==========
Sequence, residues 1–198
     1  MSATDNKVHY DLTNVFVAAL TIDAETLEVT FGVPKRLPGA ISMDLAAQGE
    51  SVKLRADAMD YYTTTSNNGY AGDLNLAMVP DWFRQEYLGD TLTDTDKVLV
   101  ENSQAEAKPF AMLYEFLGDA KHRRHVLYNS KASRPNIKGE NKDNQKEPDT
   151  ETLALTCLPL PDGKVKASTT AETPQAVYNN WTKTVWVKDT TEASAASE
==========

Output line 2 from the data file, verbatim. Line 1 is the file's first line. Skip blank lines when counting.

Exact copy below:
     1  MSATDNKVHY DLTNVFVAAL TIDAETLEVT FGVPKRLPGA ISMDLAAQGE